Scruton is a traditionalist conservative best known for his nonfiction writings. Up to now those writings were the only ones of Scruton’s I had read (and occasionally reviewed). These nonfiction works have covered a wide range: philosophy, aesthetics, lit. crit., religion, and history.

Scruton writes in the high-intellectual conservative tradition. If he were American he would belong in the pantheon with James Burnham, Russell Kirk, Roger Kimball, et al.

I’d better confess that this kind of high-humanities theorizing is not much to my taste, and that I have started more of Scruton’s books than I’ve finished. As an analyst of human nature, Scruton is weakened by having no math or science. His heart is in the right place, though. On the whole, some occasional differences of opinion across the dinner-table notwithstanding, I consider Scruton to be a Good Thing.

The brief “Note on the Author” paragraph at the end of The Disappeared tells me that Scruton has also written “several works of fiction.” I did not formerly know that, and this is the first of his novels I’ve read.

The Disappeared takes place in a fictional Rotherham, a down-at-heel Yorkshire town named Whinmoore. The principals are:

  • Stephen Haycraft, a young white Briton with a degree in English Literature from Oxford University. Being thus well-nigh unemployable, Stephen goes to Winmoore on a Teach-for-America-type gig. He is of conventional Left-liberal opinions.
  • Justin Fellowes, a thirtysomething white British enthusiast for “sustainability” and “helping the planet.” He has a good position in a firm (heavily subsidized by the government, of course) that erects wind turbines on the Yorkshire moors.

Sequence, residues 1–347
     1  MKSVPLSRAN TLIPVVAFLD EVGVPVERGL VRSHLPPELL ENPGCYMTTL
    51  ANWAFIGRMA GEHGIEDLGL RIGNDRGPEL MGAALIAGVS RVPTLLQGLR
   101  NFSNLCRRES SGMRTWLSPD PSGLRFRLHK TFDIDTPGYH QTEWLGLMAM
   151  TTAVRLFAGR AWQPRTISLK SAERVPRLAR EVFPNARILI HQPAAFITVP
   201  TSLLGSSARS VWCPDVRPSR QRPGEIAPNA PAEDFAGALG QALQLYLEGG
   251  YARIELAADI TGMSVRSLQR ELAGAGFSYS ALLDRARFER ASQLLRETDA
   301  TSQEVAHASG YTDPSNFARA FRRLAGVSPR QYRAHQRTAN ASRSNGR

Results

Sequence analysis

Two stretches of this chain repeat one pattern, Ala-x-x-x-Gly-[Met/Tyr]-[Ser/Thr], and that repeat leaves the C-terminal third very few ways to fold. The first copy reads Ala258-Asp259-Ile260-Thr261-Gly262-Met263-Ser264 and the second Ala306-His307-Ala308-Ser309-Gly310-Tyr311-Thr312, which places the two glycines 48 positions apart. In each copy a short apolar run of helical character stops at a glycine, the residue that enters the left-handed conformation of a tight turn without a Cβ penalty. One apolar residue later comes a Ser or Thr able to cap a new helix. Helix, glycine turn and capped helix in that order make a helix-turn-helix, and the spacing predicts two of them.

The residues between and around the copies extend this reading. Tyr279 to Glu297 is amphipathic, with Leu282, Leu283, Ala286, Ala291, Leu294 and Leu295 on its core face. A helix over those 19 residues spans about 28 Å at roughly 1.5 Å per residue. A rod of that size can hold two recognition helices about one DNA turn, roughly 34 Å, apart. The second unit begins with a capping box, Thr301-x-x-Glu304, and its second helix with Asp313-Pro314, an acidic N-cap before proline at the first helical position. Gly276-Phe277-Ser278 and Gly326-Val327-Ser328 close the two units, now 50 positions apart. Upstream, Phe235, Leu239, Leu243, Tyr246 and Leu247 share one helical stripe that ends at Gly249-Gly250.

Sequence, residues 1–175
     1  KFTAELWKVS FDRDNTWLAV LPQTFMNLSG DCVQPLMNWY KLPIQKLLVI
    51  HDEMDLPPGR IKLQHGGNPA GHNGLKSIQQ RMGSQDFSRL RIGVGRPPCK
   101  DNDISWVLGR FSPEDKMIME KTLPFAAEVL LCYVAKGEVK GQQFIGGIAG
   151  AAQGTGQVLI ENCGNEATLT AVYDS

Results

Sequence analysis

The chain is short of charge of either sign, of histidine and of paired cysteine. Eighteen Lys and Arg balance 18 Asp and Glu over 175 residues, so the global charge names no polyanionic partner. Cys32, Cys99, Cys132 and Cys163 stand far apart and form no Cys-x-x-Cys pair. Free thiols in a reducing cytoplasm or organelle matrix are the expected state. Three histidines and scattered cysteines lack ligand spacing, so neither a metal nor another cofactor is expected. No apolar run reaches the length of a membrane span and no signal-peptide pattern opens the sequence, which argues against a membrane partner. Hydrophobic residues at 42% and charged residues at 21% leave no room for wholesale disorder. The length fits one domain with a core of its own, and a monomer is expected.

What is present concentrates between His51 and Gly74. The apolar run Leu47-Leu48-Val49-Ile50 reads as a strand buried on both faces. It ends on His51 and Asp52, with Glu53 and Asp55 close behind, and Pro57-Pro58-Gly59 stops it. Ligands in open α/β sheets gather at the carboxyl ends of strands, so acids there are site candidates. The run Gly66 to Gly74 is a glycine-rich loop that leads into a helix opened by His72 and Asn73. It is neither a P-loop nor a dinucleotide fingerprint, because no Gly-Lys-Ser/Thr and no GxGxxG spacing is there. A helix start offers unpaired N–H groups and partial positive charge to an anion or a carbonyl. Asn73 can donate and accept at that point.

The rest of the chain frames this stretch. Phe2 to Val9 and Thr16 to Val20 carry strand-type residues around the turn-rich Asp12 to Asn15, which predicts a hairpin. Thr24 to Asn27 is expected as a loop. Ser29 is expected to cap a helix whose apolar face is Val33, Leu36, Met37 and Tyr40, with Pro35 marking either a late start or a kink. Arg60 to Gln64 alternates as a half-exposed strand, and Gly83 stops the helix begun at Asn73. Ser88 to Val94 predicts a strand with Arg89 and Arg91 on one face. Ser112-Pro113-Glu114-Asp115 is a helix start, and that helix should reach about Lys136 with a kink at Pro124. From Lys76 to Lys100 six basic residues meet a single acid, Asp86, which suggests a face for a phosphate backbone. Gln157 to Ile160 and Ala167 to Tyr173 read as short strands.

• Muhibbah Shahin, a refugee from Afghanistan via Yemen. Twenty years old and beautiful, Muhibbah has moved out of the family home (father, father’s two wives, two brothers, cousin) to avoid a forced marriage. Justin intervenes when the male Shahins attempt to abduct her in public. He assumes the rôle of her protector.
  • Laura Markham, twentysomething, a financial investigator. Laura is also beautiful but white British.
  • Sharon Williams, one of Stephen’s students, also white British and beautiful but only 16. Bright and sensitive, Sharon lives with her sluttish underclass mother in Angel Towers, a public housing project that also houses the Shahins and other refugees from the Middle East (“to the indignation of many locals on the waiting list for social housing”).

Sharon writes strange cryptic essays for Stephen, her English teacher, on themes from two of the class’s set books: Wuthering Heights and The Tempest. Plainly she has a schoolgirl crush on Stephen; but there is something menacing in her life, refracted through the essays. Stephen struggles against sexual attraction.